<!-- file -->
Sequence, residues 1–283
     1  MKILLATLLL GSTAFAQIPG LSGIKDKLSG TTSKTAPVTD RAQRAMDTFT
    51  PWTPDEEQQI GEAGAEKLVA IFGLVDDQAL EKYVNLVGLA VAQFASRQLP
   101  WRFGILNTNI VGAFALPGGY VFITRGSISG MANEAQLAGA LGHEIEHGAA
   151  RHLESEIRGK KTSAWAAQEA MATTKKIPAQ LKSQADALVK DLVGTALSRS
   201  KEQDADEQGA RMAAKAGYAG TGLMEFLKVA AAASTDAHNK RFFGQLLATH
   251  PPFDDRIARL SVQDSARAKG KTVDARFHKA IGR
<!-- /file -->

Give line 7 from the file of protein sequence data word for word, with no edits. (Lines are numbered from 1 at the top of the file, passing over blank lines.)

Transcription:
   251  PPFDDRIARL SVQDSARAKG KTVDARFHKA IGR